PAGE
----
While there are many reasons for stalling a horse, these are only a few. First and foremost, stalling a horse can cause emotional stress and can lower cortisol levels. Stalling a horse can also cause cribbing, which is undesirable for your pasture.
So what are the reasons for stall training?
Read on to find out!
Stalling a horse causes emotional stress.
Stalling a horse causes emotional stress for many reasons, including physical factors that impact the body, athleticism, and mechanics of motion. Specifically, it causes chronic, unavoidable stress, which encourages the body to develop coping mechanisms.
This can manifest in various ways, such as exhibiting vices, pulling back while tied, or playing hard to catch. In addition, stall rest prevents the horse from getting the exercise and socialization it needs.
It reduces cortisol levels.
The HPA response in horses is a biomarker of stress and welfare state. Although the HPA response is usually high in horses confined in stables, there was no difference between the two groups when the horses were stalled.
Stallions are known to be under high cortisol levels during their confinement, which is a major reason why they are often considered therapeutic animals.
It can lead to cribbing.
Cribbing is a behavioral problem with many health consequences for horses. It is common for the upper incisors of a horse to wear down as it cribs on hard surfaces, which can lead to a deficiency of forage.
Cribbing can even lead to a horse needing a complete feed. If your horse exhibits this behavior, you may want to consider switching your horse’s diet.
It damages pasture
The physical risks of stalling a horse on a pasture are well documented. Stall-confined horses have been known to engage in physical misbehavior. These risks are minimized by introducing your horse to pasture boundaries and finding a pasture mate with whom he or she gets along.
It can cause injury
While stalling a horse is not always necessary, it is not a good idea. The physical and emotional stress of stall rest can hurt the horse. There is a connection between stall rest and performance; both can result in injury. Stalling a horse is also detrimental to the health of its legs, and a lack of exercise can affect the condition of the hock.
To Stall or Not to Stall a Horse?
By guest blogger Juliane Dykiel
Upon reading Margit H. Zeitler-Feicht’s Horse Behavior Explained, I came across some important information I believe every horse person should know, yet not many seem to.
While I already knew how psychologically and physically important it was for a horse to get out of its stall or turn out, I was unaware of the specific facts proving that keeping a horse stalled all day is detrimental.
So I decided to attempt to share this important information with the rest of the horse world. Horse Behavior Explained is a fairly dense book, but its importance can’t be missed, so I’ll summarize some of it here.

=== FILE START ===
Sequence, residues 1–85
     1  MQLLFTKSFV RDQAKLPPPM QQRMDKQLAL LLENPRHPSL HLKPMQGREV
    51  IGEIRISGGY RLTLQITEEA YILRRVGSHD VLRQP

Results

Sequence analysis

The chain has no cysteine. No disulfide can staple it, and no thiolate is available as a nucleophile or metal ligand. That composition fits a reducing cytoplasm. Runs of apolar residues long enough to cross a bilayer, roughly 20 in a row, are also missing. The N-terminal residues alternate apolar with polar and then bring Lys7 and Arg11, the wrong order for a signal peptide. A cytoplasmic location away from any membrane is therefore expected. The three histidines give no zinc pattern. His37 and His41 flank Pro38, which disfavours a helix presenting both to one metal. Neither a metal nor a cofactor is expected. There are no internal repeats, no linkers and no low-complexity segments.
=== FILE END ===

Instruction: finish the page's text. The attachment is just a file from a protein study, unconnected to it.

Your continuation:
In the wild, horses walk between 3.7 – 10.6 miles a day. A horse that remains stalled all day travels 0.1 miles per day. In Margit’s words, “the ‘day off,’ a day on which the horse never leaves the stall, is designed exclusively for human benefit. It offers nothing but disadvantages for the horse’s health and psyche…days off should rather include a quieter form of exercises such as pasture turnout or a trail ride at walking speed”.
Margit also explains that the walk is the primary gait used by horses in the wild. They walk long distances with rare occurrences of trot and canter. However, stalled horses “spend most of their time standing and exercise is often limited to 1 hour, but a proportionally faster…highly concentrated exercise in this manner cannot compensate for a lack of slow movement spread out over a long period”.
This clarifies the importance of trail rides, especially walks: after all, horses are nomadic creatures, and moving through woods is a psychological necessity.
A way to help satisfy the exercise requirement for horses that are not ridden enough is to turn out horses at least several hours a day.
Another way to help is to “motivate horses to walk” by spreading out the “areas designed to meet the horse’s varying needs” – for example, putting the water bucket on one side of the pasture or paddock, shelter on the opposite, and feeding them in a completely different corner.
This will bring the amount of ground the horse covers a day when turned out for 12 hours from 1.8 miles to 3 miles, almost double.
Once the exercise requirement has been satisfied, and I have found this true from first-hand experience, a horse will usually be less prone to behavioral problems. After all, “Lack of exercise is a well-known cause of problems arising during handling.”
Other physical aspects of the horse, such as its musculoskeletal, digestive, cardiac, and circulatory systems, will be healthier, and your horse, like any human who takes care of their body and exercises enough, will last longer.
Reading all this, I found that I’m guilty myself – many of my projects don’t get out as much as they should. I feel like I’ve been subconsciously aware of this yet always justified it by the fact that “I don’t have enough time” to ride all of the horses I’m charged with adequately.
Today, instead of riding my client’s horse hard for a half hour, I also squeezed in a half-hour walk. Tomorrow, I’m going on a trail ride, and I will pony one of the other horses since she’s been trained to pony students for years.
Consider leasing a horse out to a quiet or experienced rider. Take your horses on trail rides; it’ll be therapeutic for both of you.
But most of all, pick up Margit Zeitler-Feicht’s Horse Behavior Explained for even more mind-blowing horse truths that most people need to be, yet are not aware of…or just wait for my next summary to come out: “Why A Horse Should Always Have A Companion.”